Those individuals in the present generation, those born after 1980, have been titled the “Y Generation.” These individuals, being raised in the permissive environment of our society, are truly our Socialized generation. The Aspen Educational Group says it all, in their Treatise entitled: “Narcissistic and Entitled in Everything! Does Gen Y Have Too Much Self-Esteem?” “In the 1980’s world of child rearing the catchword was “self esteem.” Unconditional love and being valued “just because you’re you!” was the prevailing philosophy in practice, it involved constantly praising children, not criticizing them under any circumstances, emphasizing feelings, and not recognizing one child’s achievements as superior to another’s. At the end of season, every player “won” a trophy. Instead of just one “student of the month,” schools named dozens. Teachers inflated grades from Kindergarten through college: “C” became the new “F.” No one ever had to repeat a grade because staying behind caused poor self-esteem. Dr. Jean Twenge, author of the book “Generation Me…”, states that “the result of these child-rearing practices has been a measurable increase in narcissism and a generation that has a deeply embedded sense of entitlement. The new trend toward self-centeredness and self-love might be bad for society, due to narcissists lacking empathy, overreaction to criticism, and favoring themselves over others. They are incapable of cheering anyone else’s success. Ultimately, they lead miserable lives because they cannot form and maintain healthy relationships.”
Gen Y children and young adults need constant praise, and are often afforded it in constant e-mails, texts, celebration balloons, awards, and other tangible ways in constant positive reinforcement. They are prone to not taking responsibility for their mistakes, and when things do not go their way are also prone to tantrums, pouting, and even violently acting out against parents and other authorities. I have very often encountered problems that our youth face today in therapy sessions; the major hurdle being their sense of entitlement. The counseling considerations I, as do others in the counseling arena, provide is general guidelines to parents and other authority positions to use: If an allowance is earned through chore completion, there should be a limit; when it is gone, it is gone; that work is what brings financial rewards. Teach children to apologize to others, to understand their point of view, and otherwise demonstrate “emotional intelligence.” Let the child face the natural consequences of his/her behavior. If he/she bangs up the car, let him/her pay for it. And, above all, watch how you use praise. Give praise for a specific piece of work or action, not general praise arising from emotions of the parent or authority figure (which may be just a matter of feeding the adult/authority figures ego).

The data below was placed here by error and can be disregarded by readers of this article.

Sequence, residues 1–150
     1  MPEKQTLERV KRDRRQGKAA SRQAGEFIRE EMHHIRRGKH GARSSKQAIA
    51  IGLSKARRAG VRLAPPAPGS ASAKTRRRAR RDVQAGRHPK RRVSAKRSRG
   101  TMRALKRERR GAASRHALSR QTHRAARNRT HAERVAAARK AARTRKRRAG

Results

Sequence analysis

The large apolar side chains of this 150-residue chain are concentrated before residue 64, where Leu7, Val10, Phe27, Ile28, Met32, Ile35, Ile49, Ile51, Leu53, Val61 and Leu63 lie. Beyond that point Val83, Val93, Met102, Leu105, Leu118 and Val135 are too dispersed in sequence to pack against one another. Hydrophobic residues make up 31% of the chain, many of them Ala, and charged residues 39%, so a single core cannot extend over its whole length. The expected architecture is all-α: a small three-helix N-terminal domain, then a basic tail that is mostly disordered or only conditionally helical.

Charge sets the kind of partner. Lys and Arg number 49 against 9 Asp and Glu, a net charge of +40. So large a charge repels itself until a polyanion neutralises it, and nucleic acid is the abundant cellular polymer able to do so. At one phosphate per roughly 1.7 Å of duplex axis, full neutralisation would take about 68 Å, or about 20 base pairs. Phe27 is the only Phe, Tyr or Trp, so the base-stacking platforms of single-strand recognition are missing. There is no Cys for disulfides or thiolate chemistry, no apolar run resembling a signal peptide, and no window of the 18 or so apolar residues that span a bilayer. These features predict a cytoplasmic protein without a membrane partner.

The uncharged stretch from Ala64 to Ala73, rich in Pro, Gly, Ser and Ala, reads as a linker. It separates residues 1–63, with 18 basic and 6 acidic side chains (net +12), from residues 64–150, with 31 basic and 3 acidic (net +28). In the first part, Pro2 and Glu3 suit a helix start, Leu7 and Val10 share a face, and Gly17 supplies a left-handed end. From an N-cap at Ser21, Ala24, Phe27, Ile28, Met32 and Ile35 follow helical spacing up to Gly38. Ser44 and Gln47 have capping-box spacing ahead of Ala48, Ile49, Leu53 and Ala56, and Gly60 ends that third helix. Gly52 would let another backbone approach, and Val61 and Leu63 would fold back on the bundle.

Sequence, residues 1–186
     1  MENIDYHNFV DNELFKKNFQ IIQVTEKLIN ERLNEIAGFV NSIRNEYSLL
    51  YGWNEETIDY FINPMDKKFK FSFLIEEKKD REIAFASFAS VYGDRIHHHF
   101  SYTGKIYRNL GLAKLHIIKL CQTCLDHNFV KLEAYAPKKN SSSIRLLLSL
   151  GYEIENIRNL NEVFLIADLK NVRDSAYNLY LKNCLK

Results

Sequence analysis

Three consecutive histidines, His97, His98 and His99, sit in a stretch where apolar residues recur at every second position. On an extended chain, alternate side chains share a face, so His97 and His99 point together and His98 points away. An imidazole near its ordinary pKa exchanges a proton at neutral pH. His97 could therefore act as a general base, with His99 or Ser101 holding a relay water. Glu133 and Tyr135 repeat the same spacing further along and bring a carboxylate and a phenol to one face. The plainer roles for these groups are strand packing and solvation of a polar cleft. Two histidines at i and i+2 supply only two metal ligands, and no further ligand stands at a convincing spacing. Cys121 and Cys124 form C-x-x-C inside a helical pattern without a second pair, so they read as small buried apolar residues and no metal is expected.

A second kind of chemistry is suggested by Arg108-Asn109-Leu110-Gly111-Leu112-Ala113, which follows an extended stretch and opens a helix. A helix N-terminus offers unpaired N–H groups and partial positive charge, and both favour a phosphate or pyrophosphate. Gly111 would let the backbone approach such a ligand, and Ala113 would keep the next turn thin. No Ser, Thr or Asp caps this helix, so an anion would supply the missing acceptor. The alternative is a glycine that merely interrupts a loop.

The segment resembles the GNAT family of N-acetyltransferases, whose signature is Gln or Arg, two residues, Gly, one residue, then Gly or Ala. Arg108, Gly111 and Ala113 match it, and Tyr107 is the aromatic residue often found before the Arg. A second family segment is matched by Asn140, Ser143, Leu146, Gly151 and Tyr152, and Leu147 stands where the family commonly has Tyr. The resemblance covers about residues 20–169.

I contend, along with most of my colleagues, that this present liberal trend within our society today is the reason that we have so much violence and rebellious acts toward authority in our nation. Now, I am not one to spread “doom and gloom,” and have faith and hope that our citizenry will return to the values that made America the Great Nation…that the core values and attitudes that formed this nation will be restored. Until next time, Stay Healthy and Safe my Friends!